The Canadian Football League is the second most popular professional sports league in Canada. Each of the CFL's 9 teams draw anywhere from 20,000 to 40,000+ spectators per game. Although western teams enjoy consistently higher stadium attendance numbers than their eastern counterparts, the league enjoys strong TV ratings across the board, comparable to other major sports leagues in North America.


A Toronto Blue Jays baseball game at Rogers Centre in Toronto.

The Toronto Blue Jays are Canada's only Major League Baseball team, founded in 1977. The Montreal Expos club played in Montreal from 1969 until 2004 when they moved to Washington, D.C. and became the Washington Nationals. The Blue Jays were the first non-American team to host a World Series Game (in 1992) and the only non-American team to win the World Series (back to back in 1992 and 1993). The Blue Jays had the highest attendance in Major League Baseball during the late 1980s and early 1990s. Professional baseball has a long history in Canada, beginning with teams such as the London Tecumsehs, Montreal Royals, and Toronto Maple Leafs in the late 19th and early 20th centuries. All three were included on the National Baseball Association's top 100 minor league teams.

A number of Canadians have played in the major leagues, and several have won the highest honours in baseball. Ferguson Jenkins won the National League Cy Young Award in 1971 as the best pitcher in the league, and in 1991 became the first Canadian inducted in the (U.S.) Baseball Hall of Fame. Larry Walker was National League MVP for the 1997 season and was the league's Batting Champion 3 times. Éric Gagné won the National League Cy Young Award in 2003. Jason Bay was the first Canadian to win rookie of the year honours in 2004. More recently, Justin Morneau (American League, 2006) and Joey Votto (National League, 2010) have been named league MVPs.

Canada participated in the 2006 World Baseball Classic, in which it upset Team USA in first-round play,[2] which some people in Canada call the "Miracle on Dirt" (a play on the phrase "Miracle on Ice" for the 1980 U.S. Olympic Hockey team). There are a number of minor league, semi-professional and collegiate baseball teams in Canada (see List of baseball teams in Canada). Great achievements in Canadian baseball are recognized by the Canadian Baseball Hall of Fame.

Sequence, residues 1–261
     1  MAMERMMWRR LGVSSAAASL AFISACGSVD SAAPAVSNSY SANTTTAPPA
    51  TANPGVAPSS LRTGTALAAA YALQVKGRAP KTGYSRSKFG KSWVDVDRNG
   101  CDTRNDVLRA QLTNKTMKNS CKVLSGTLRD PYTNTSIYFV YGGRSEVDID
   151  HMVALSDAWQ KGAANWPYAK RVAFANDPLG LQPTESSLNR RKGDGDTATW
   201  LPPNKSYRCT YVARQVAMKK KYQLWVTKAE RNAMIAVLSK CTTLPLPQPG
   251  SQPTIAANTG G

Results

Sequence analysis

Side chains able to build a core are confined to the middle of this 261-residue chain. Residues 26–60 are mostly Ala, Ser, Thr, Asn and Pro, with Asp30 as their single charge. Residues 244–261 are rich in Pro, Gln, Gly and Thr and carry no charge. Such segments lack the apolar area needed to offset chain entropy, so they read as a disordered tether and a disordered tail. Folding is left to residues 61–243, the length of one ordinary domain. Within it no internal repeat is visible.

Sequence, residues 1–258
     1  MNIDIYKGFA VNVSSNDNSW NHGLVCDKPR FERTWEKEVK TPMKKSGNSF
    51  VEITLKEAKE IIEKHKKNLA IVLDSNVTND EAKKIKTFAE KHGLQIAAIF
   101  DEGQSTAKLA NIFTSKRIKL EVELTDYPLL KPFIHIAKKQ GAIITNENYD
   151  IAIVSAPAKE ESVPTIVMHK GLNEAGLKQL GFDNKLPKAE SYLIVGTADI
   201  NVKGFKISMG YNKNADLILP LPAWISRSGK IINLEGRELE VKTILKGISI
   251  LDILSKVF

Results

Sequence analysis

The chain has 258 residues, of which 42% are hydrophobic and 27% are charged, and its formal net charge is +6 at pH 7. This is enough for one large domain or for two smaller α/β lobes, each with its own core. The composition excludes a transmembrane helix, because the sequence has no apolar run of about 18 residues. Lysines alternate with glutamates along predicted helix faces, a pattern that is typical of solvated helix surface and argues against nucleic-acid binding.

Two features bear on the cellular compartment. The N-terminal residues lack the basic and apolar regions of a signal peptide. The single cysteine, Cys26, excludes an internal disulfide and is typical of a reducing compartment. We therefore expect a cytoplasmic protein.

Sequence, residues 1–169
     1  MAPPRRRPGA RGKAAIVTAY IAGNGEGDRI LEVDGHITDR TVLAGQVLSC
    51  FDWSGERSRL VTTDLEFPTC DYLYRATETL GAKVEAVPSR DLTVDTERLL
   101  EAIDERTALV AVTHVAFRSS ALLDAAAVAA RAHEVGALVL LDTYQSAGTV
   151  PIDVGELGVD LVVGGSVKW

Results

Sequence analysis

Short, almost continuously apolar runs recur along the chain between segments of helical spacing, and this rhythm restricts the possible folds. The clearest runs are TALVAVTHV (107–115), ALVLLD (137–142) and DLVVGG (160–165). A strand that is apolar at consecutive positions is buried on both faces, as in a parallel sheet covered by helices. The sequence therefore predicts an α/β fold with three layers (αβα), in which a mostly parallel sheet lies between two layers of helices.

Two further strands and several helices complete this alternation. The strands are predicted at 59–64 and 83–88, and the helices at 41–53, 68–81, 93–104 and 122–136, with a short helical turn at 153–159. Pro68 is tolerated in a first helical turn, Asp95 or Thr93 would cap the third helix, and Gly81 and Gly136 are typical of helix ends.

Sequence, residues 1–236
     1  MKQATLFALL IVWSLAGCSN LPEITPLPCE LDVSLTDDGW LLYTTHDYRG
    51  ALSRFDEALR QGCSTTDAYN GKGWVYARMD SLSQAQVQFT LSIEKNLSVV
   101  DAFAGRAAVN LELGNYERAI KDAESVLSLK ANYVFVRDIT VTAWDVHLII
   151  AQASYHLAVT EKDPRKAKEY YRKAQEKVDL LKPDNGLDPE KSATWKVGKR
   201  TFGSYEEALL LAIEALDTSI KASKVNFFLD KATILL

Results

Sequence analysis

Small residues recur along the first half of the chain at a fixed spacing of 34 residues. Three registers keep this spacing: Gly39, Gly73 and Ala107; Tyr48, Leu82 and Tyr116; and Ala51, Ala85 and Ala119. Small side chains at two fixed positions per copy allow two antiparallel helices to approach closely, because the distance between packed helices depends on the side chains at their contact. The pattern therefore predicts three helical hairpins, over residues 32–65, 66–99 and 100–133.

A packed ACC in a Toronto Raptors game against the Milwaukee Bucks

The National Basketball Association (NBA) recognizes its first ever game as being a contest between the New York Knickerbockers and Toronto Huskies at Toronto's Maple Leaf Gardens on November 1, 1946.[3] The NBA expanded into Canada in 1995 with the addition of the Toronto Raptors and Vancouver Grizzlies. The Grizzlies moved to Memphis, Tennessee in 2001, but the Raptors continue to draw healthy crowds at the Air Canada Centre. The 2005 and 2006 NBA MVP, Steve Nash, is from British Columbia and has played in international competitions for Canada's national team.


Professional soccer in Canada has gone through many unsuccessful incarnations. As of 2016 things are much more stable with three teams playing within Major League Soccer: Toronto FC (joined 2007), Vancouver Whitecaps FC (joined 2011) and the Montreal Impact (joined 2012). As well, FC Edmonton have joined the North American Soccer League in recent years. The Ottawa Fury FC are an affiliate club to the Montreal Impact of Major League Soccer playing in the United Soccer League.

Rugby league[edit]

Canada's first fully professional rugby team, the Toronto Wolfpack, debuted in the British/French League 1 and Challenge Cup competitions in 2017.



See also[edit]

Major professional sports leagues in the United States and Canada


  1. ^ William Houston (2006-12-20). "Grey Cup moves to TSN in new deal". The Globe And Mail. Archived from the original on September 30, 2007. Retrieved 2006-12-23.
  2. ^ ESPN - U.S. rallies, but can't overcome 8-0 hole vs. Canada - MLB
  3. ^ Goldpaper, Sam. "The First Game". Retrieved 2009-05-10.